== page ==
Molecular screening of intellectually disabled patients and those with premature ovarian failure for CGG repeat expansion at FMR1 locus: Implication of combined triplet repeat primed polymerase chain reaction and methylation-specific polymerase chain reaction analysis
Srinivasan Muthuswamy, Deepika Delsa Dean, Sarita Agarwal
November-December 2016, 64(6):1175-1179
DOI:10.4103/0028-3886.193786  PMID:27841182
Background: Fragile X syndrome (FXS) is also a leading cause of intellectual disability along with Down's syndrome. It is caused by the expansion of CGG triplet repeat at 5' untranslated region of the fragile X mental retardation 1 (FMR1) gene. Since the prevalence rate is quite high in the general population, molecular diagnosis is important to establish the cause and the prenatal diagnosis. At present, there are a number of methods available with their own merits and demerits. Aim and Methods: Molecular screening of intellectually disabled patients and those with premature ovarian failure with combined triplet repeat primed polymerase chain reaction (TP-PCR) and methylation-specific polymerase chain reaction (MS-PCR) for establishing the diagnosis of FXS. Results: The specificity of the method has been validated with archived previously genotyped samples, facilitating the application of this method in the screening procedure. The combined TP-PCR and MS-PCR approach identified six (10%) of the intellectually disabled cases as full mutation positive, one (4%) of the premature ovarian failure cases as premutation positive, and one (out of two) of the prenatal samples as premutation positive. Conclusion: The present study concludes that a combined usage of TP-PCR and MS-PCR will be a useful alternative approach to diagnose patients suffering from fragile X syndrome.
  3,015 77 1
Effects of endovascular therapy on acute ischemic stroke:An updated meta-analysis of randomized controlled trials
Chao Pan, Na Liu, Lifei Lian, Feng Xu, Suiqiang Zhu, Zhouping Tang
November-December 2016, 64(6):1160-1168
DOI:10.4103/0028-3886.193792  PMID:27841179
Objects: To clarify the effects of endovascular therapy (ET) for acute ischemic stroke (AIS) patients, we conducted an updated meta-analysis using data from randomized controlled trials (RCTs). Methods: We searched major electronic databases for RCTs comparing ET with intravenous thrombolysis (IVT) or other standard treatments for AIS patients. Eligible and high-quality RCTs were included in the meta-analysis. The overall estimates were demonstrated as an odds ratio (OR) with 95% confidence interval (CI) and P value. Results: Thirteen high-quality trials met the inclusion criteria and were analyzed. Patients treated by ET were more likely to have good functional outcomes (OR, 1.70; 95% CI, 1.32–2.19; P< 0.0001) and lower mortality rates (OR, 0.77; 95% CI, 0.60–0.98; P = 0.03) at 90 days than patients treated by IVT or standard treatment. There was no significant difference in the rate of symptomatic intracerebral hemorrhage [sICH] (OR, 1.18; 95% CI, 0.73–1.91; P = 0.50). Conclusions: ET is superior to both IVT and standard treatment in providing functional improvement and reducing the mortality rate at 90 days, while not increasing the risk of sICH for the treatment of AIS.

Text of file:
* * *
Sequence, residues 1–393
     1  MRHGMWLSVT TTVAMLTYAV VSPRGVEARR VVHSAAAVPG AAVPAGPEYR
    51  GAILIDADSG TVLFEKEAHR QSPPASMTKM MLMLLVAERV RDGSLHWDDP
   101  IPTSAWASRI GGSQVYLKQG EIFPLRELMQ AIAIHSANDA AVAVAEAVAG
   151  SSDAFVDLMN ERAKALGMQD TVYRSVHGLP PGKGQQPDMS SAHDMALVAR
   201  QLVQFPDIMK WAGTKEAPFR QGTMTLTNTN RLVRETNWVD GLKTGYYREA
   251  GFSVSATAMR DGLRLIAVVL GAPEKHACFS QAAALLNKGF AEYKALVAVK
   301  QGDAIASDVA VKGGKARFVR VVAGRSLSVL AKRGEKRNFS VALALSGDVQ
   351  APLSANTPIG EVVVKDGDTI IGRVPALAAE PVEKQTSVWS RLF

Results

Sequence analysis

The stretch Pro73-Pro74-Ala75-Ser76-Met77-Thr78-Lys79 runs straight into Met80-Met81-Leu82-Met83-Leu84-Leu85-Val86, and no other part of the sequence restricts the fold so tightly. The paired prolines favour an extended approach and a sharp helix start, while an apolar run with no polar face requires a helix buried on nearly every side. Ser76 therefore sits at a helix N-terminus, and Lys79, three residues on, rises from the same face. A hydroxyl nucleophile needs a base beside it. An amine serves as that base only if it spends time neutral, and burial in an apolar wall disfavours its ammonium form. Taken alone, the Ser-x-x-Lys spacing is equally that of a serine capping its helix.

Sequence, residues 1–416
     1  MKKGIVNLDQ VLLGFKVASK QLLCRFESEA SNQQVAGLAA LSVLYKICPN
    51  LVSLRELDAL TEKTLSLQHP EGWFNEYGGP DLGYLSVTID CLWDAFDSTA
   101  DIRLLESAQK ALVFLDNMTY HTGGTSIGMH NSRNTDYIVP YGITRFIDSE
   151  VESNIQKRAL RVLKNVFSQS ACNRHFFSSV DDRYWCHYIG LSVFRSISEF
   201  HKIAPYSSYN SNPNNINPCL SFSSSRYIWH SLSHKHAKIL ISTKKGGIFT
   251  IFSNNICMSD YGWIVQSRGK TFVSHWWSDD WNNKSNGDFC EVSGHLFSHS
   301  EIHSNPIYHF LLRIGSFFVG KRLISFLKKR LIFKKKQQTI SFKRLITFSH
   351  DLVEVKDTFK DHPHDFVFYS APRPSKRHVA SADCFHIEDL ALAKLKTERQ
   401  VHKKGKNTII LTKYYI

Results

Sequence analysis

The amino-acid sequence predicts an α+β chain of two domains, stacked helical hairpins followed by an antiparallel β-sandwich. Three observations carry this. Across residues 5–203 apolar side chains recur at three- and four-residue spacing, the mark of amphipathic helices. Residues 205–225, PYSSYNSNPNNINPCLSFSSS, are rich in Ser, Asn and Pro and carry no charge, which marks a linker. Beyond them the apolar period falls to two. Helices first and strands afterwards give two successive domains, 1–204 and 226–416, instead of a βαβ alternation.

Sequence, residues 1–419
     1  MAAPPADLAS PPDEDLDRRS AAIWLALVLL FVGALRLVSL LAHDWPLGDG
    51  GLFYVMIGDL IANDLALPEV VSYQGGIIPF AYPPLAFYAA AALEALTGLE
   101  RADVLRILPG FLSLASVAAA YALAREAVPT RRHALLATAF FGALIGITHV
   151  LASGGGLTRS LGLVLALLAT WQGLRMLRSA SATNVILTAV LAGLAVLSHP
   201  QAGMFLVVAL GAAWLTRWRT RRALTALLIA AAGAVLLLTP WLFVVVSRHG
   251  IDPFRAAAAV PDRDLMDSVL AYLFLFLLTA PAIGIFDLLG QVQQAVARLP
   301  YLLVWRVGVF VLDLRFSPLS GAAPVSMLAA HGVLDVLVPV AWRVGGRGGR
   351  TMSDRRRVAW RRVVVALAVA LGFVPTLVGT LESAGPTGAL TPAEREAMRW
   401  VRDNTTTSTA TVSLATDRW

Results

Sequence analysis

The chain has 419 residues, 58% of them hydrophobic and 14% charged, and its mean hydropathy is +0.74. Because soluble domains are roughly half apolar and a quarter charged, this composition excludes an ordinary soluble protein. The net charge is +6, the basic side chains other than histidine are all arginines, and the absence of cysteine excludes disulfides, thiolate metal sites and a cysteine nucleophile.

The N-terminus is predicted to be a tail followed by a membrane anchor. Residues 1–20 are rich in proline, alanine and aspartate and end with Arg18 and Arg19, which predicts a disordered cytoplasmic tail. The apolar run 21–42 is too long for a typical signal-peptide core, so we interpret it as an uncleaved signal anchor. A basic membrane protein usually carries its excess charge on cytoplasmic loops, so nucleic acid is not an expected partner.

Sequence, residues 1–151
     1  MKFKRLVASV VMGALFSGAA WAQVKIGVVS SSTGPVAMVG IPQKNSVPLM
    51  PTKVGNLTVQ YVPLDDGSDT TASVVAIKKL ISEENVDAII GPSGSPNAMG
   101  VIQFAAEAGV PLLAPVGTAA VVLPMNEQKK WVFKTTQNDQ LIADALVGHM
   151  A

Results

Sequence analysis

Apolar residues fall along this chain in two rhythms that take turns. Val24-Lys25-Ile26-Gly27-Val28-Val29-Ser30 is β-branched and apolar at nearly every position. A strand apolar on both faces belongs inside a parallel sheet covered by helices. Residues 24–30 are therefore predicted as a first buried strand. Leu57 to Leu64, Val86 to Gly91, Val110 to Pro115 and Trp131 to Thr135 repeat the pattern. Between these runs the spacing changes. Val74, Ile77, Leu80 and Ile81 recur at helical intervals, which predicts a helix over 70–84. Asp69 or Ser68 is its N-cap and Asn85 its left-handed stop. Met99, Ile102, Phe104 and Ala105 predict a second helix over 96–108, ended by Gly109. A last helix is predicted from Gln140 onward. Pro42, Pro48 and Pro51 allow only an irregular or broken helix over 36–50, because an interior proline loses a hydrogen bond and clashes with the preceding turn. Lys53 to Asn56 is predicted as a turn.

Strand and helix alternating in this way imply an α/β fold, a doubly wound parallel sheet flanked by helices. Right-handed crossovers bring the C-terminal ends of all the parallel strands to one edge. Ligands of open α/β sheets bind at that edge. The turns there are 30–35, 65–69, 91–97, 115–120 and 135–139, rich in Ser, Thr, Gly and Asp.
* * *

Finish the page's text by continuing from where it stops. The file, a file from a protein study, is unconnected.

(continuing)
2,684 93 -
Multiple nerve abscesses: An unusual manifestation of lepra reaction in a patient with borderline leprosy
Ravindra Kumar Garg, Hardeep Singh Malhotra, Vijay Kumar, Amita Jain, Madhumati Goel, Ved Prakash, Sukriti Kumar, Neera Kohli
November-December 2016, 64(6):1326-1328
DOI:10.4103/0028-3886.193787  PMID:27841214
  2,693 71 -
Bridging the treatment gap in epilepsy-is there an emerging trend in the use of newer antiepileptic drugs?
Ashalatha Radhakrishnan
November-December 2016, 64(6):1140-1142
DOI:10.4103/0028-3886.193773  PMID:27841173
  2,556 142 -
Microsurgical treatment of distal anterior cerebral artery aneurysms: A 25 year institutional experience
Dhaval Shukla, Dhananjaya I Bhat, Dwarkanath Srinivas, Sampath Somanna, Paritosh Pandey, BA Chandramouli, K. V. R. Sastry, BS Das
November-December 2016, 64(6):1204-1209
DOI:10.4103/0028-3886.193827  PMID:27841188
Introduction: We present a retrospective study of distal anterior cerebral artery (DACA) aneurysms operated at our institute. Material and methods: From 1988 to 2013, a total of 132 DACA aneurysms were managed surgically. The retrospective data of these patients was collected and analysed. Results: They comprised 6.2% of all 2137 aneurysms operated during the same period. The mean age at presentation was 48.3 years (range: 24–77 years) and the male: female ratio was 1:2. The notable symptom in 114 (86.4%) patients was headache, in 94 (71.2%) was loss of consciousness, in 25 (18.9%) was seizures, and in 17 (12.9%) was limb weakness. There were 99 (75%) patients in World Federation of Neurosurgical Societies (WFNS) grade <3 at admission. On plain computed tomography (CT) scan, intracerebral hemorrhage was seen in 49 (37.1%) and intraventricular hemorrhage in 23 (17.4%) patients. The most common site of aneurysm was the pericallosal (A3 segment) artery noted in 65 (49.2%) patients. Multiple aneurysms were observed in 16 (12.1%) cases. The mean timing of surgery from the first ictus was 17.8 days. The delay was due to a late referral, poor general condition, recurrent bleeding, and worse WFNS grade at presentation. Aneurysms were operated through the following approaches: parasaggital craniotomy in 61 (46.2%), bifrontal craniotomy in 64 (48.5%), and frontotemporal craniotomy in 7 (5.3%). Aneurysms could be successfully clipped in 93.2% of the cases. Postoperative mortality was 8 (6%). The follow-up data was available for 83 (62.9%) patients. The mean duration of follow-up was 15.1 months (1–70 months), with more than 41 (31%) patients having a follow-up of more than 6 months. A favorable outcome (good recovery or moderate disability) was seen in 71 (85.5%) cases. Conclusions: A meticulous attention to the surgical technique provides gratifying results in DACA aneurysms even in patients who present initially in a compromised clinical status.